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The future is now: Here are the most promising synthetic biology projects

| | November 19, 2018

This article or excerpt is included in the GLP’s daily curated selection of ideologically diverse news, opinion and analysis of biotechnology innovation.

Never has it been more possible to engineer biology (see ‘Tailor, not tinker’). But solving grand problems requires a switch from demonstrating that something is feasible in a laboratory to homing in on a few ambitious goals. The time has come to decide where to focus this emerging ability to engineer biology — and to commit resources to doing it.

My ‘wish list’ is as follows:

Artificial blood cells. Blood transfusions are crucial in treatments for everything from transplant surgery and cardiovascular procedures to car accidents, pregnancy-related complications and childhood malaria.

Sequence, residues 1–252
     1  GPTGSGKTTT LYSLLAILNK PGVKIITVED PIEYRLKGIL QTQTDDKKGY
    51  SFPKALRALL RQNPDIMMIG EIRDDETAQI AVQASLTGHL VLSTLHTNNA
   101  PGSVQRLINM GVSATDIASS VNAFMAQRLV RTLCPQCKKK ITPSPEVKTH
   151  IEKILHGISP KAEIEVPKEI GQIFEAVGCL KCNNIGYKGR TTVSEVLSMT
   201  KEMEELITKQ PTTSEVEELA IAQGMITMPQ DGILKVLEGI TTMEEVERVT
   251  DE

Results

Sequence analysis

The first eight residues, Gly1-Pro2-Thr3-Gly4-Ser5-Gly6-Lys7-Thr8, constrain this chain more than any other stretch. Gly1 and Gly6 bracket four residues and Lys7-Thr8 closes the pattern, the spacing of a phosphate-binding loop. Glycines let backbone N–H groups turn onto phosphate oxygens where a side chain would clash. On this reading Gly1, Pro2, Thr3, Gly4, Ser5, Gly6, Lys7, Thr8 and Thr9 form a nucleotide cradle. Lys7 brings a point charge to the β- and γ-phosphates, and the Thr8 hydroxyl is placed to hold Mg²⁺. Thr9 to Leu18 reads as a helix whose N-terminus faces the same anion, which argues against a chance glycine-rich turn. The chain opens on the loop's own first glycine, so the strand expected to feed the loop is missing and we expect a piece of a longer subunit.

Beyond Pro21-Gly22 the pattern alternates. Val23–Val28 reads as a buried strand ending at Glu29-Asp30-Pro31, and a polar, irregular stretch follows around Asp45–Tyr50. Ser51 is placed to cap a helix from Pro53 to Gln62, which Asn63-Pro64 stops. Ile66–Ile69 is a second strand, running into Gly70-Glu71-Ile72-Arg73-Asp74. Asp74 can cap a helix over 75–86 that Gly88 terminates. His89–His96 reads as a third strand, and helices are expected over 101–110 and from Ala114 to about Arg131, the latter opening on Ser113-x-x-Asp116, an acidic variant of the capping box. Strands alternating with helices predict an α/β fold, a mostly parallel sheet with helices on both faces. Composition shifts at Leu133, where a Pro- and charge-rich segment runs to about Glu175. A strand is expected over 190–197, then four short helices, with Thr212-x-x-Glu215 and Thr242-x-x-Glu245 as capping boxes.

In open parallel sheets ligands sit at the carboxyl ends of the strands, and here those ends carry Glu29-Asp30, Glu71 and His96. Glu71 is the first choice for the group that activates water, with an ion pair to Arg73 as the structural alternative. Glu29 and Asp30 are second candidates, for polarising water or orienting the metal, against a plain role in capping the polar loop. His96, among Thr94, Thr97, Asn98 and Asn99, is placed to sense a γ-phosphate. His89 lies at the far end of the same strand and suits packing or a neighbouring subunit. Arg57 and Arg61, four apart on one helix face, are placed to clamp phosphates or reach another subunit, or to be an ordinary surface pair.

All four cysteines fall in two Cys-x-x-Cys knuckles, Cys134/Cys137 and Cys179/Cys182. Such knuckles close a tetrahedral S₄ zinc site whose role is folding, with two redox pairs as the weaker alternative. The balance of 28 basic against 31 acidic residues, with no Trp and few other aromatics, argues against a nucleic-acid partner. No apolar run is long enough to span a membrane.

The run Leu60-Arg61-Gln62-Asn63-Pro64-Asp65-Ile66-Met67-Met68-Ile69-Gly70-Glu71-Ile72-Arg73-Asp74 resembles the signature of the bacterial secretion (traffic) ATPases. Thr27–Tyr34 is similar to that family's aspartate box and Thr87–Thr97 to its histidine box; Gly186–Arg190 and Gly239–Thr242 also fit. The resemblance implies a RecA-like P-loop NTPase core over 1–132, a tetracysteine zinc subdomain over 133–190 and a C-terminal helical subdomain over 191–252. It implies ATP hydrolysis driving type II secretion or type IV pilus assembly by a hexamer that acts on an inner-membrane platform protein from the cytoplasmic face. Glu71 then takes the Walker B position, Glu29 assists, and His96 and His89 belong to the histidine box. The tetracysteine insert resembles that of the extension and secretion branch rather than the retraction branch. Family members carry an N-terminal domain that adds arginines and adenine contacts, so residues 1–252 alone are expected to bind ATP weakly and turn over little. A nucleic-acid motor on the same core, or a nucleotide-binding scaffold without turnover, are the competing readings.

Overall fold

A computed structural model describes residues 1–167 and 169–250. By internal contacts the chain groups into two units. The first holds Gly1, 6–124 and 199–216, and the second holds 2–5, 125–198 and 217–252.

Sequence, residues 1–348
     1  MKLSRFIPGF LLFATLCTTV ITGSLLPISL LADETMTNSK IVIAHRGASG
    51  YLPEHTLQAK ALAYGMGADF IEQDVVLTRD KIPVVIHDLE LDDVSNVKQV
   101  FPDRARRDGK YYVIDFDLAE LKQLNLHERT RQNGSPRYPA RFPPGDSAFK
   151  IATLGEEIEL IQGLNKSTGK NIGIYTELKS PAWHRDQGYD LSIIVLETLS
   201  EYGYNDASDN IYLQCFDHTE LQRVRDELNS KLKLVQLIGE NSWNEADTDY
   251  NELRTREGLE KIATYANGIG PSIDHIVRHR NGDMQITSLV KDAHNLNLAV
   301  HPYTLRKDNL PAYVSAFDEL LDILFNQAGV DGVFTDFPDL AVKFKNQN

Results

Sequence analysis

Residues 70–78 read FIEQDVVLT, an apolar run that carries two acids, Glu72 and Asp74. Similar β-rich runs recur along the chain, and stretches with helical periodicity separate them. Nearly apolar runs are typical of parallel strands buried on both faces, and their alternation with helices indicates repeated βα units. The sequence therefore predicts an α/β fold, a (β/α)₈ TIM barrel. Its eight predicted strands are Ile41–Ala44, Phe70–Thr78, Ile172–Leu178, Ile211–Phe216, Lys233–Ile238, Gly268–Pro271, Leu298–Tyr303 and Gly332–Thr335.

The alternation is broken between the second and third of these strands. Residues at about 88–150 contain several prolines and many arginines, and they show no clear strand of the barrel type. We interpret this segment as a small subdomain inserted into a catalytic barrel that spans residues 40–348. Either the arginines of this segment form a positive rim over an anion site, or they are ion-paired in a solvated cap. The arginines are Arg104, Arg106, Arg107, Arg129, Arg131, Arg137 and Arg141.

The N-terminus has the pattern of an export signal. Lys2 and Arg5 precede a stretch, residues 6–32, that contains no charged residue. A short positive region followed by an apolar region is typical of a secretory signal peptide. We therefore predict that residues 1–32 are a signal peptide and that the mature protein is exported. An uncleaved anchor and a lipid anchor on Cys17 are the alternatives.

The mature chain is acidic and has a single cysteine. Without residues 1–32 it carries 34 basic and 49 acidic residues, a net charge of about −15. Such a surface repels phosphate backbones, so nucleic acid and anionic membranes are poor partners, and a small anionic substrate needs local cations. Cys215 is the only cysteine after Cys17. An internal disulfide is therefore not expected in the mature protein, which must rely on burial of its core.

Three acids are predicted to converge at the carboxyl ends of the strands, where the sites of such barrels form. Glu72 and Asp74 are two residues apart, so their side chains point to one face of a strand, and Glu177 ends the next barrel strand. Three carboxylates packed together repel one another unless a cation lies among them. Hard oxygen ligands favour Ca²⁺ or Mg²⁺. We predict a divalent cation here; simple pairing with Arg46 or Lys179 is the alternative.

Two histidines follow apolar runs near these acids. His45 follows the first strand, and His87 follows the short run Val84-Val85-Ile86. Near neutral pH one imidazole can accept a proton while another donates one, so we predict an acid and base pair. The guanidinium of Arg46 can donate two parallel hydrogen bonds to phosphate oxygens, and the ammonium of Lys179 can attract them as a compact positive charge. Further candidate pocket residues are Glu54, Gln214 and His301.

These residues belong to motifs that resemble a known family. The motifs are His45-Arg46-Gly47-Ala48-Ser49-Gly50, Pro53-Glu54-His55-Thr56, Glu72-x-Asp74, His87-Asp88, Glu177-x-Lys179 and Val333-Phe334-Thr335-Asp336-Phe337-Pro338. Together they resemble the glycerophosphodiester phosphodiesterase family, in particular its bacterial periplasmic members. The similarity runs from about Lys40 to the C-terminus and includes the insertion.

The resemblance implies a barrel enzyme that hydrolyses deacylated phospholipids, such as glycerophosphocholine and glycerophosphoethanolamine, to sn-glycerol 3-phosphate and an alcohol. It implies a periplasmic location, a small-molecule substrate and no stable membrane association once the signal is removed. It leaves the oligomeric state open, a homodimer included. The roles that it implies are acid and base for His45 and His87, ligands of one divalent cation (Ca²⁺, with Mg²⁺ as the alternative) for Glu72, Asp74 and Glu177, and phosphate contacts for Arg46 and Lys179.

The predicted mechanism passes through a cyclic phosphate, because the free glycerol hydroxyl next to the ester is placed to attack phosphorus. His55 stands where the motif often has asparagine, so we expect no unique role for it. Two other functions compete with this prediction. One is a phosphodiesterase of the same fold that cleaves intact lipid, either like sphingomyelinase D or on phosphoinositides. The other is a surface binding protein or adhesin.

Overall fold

Designer immune cells. Immunotherapy is currently offering new hope for people with cancer by shaping how the immune system responds to tumours.

Smart delivery vehicles. The relative ease of exposing cells in the lab to drugs, as well as introducing new proteins and engineering genomes, belies how hard it is to deliver molecules to specific locations inside living organisms. One of the biggest challenges in most therapies is getting molecules to the right place in the right cell at the right time.

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In ten years’ time, this wish list could seem either ridiculously myopic or foolishly ambitious. That is what makes this era of engineering biology so exciting. Whether or not these goals are reached, the attempt to build systems from known parts will focus our attention on the significant gaps in our understanding of how such systems work.

Read full, original post: Which biological systems should be engineered?

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